There is no doubt: Texas Instruments invented the electronic calculator in 1967, and they even got the patent. However, TI's first model (Cal-Tech) was just a prototype that never made it to production. Texas Instrument's first series produced calculator (Datamath) came on the market in 1972 - and had no chance with its four basic operations against the simultaneously released scientific HP-35.
From there on, technical progress was mainly driven by Hewlett-Packard:
- The first pocket calculator with trigonometric and logarithmic functions: HP-35 (1972) versus SR-50 (1974)
- The first programmable calculator: HP-65 (1974) versus SR-52 (1975)
- The first calculator with magnetic card reader: HP-65 (1974) versus SR-52 (1975)
- The first high-performance programmable calculator: HP-67 (1976) vs TI-59 (1977).
- The first calculator with non-volatile memory: HP-25C (1976) versus Ti-58C (1977).
- The first calculator with alphanumeric liquid crystal display: HP41 (1979) versus TI-88 (1982 - never released).
- The first pocket calculator interface for data acquisition: HP-IL (1981) versus TI-CBL (Calculator Based Laboratory) (1994).
- The first calculator that could calculate with complex numbers: HP-15 (1982) versus TI-68 (1988).
- The first pocket calculator in landscape mode with the QWERTY keyboard: HP-71 (1984) versus TI-95 (1986).
- The first pocket calculator with BASIC programming: HP-71 (1984) versus TI-74 Basicalc (1985).
- The first calculator with a computer algebra system (CAS): HP-28 (1987) versus TI-92 (1995).
- The first powerful graphing calculator: HP-48 (1990) versus TI-85 (1992).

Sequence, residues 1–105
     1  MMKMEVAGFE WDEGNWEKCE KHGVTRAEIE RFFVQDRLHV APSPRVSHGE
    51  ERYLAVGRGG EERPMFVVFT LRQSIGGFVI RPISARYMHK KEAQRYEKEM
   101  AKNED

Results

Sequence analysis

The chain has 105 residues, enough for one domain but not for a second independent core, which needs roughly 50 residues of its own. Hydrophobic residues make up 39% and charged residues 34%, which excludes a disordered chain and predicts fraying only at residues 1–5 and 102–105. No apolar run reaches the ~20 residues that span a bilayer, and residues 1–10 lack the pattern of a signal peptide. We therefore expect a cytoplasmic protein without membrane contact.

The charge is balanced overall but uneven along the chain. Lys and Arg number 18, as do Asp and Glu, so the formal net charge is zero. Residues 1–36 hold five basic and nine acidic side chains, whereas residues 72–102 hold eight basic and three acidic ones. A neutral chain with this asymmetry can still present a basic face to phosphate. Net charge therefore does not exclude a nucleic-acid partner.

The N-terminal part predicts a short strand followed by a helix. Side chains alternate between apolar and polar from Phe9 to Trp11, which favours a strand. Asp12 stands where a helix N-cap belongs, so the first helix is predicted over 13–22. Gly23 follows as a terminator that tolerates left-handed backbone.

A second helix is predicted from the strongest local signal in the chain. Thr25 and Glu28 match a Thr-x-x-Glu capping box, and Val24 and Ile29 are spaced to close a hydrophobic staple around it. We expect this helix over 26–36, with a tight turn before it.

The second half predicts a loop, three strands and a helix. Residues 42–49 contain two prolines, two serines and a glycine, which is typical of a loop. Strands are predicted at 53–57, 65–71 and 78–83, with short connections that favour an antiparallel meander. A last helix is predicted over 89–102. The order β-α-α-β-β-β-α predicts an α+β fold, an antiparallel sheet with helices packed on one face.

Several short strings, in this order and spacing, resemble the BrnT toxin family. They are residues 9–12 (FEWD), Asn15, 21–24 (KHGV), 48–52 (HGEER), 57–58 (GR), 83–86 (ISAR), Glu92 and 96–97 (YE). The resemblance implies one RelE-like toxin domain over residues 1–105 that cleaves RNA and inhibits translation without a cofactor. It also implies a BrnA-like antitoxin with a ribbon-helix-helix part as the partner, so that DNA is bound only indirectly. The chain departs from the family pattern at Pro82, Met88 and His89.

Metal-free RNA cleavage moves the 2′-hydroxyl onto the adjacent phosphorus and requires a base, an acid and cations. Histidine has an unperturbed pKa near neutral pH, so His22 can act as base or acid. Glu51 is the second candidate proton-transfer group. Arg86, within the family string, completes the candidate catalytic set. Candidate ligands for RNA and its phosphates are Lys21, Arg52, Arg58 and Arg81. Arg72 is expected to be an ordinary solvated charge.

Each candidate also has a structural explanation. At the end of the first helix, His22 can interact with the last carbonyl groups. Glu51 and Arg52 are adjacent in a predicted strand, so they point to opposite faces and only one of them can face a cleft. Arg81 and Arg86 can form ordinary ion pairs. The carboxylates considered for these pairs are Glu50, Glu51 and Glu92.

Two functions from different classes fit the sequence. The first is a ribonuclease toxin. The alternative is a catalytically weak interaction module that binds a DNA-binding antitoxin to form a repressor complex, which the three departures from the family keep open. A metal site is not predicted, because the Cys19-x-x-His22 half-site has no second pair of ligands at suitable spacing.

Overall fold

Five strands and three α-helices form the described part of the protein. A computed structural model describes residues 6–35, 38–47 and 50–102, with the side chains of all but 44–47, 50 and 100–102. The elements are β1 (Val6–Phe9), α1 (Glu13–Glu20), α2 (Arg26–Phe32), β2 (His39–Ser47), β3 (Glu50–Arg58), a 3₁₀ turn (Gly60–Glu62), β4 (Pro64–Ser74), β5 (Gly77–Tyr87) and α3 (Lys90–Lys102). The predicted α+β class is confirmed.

- The first calculator based on the new ARM processor architecture: HP-49g + (2003) versus TI-Nspire (2007).
Symbolic algebra seemed to be especially difficult to Texas Instruments. What the HP-28 managed already in 1987, Texas Instruments could only realize eight years later in the TI-92 following the acquisition of the Derive software. After all, the TI-92 had an unusual design, which at least was not copied from the major competitor. And the TI-CAS (computer aided algebra system) was much more powerful than that of Hewlett-Packard's HP-48 series. Only after the introduction of the HP-49 in 1999 HP's CAS was again on par with TI's.
Both opponents were at the same time with the introduction of flash memory: In 1999 both the HP-49G and the TI-83 Plus appeared, the former with 2 Mbytes flash memory, the latter with 512 KBytes.
By the end of 2006 or early 2007 the TI-n
spire arrived at the market: A programmable graphing calculator with a novel, computer-like operating concept and a large, high resolution display. Mathematical tasks are managed in documents that may contain several pages. These pages contain not only the actual calculation, but also explanatory text, graphics or Excel-like tables. The operating concept is entirely tailored to the requirements of modern mathematics teaching in schools. For engineers or students this is a bit complicated, because you can not calculate "straight on", but you must first create a new document (just as in computers). There is also a computer software for Windows and Macs, that replicates all the functions of the calculator one to one and can be used for teaching purposes.
The CAS (computer aided algebra system) of the TI-n
spire was enhanced again and beats it's competitor, the HP-50, significantly in some areas. In addition, the TI-n
spire is much more intuitive to use.
Until today (2011) Hewlett-Packard does not offer a similar "math-learning system". If, however, you believe this is (finally) an original invention of Texas Instruments, you are obviously not aware of the Casio ClassPad 300. It was released four years earlier in 2003 and anticipates all "new" features of the TI-n
spire - including a replica of the calculator in computer software.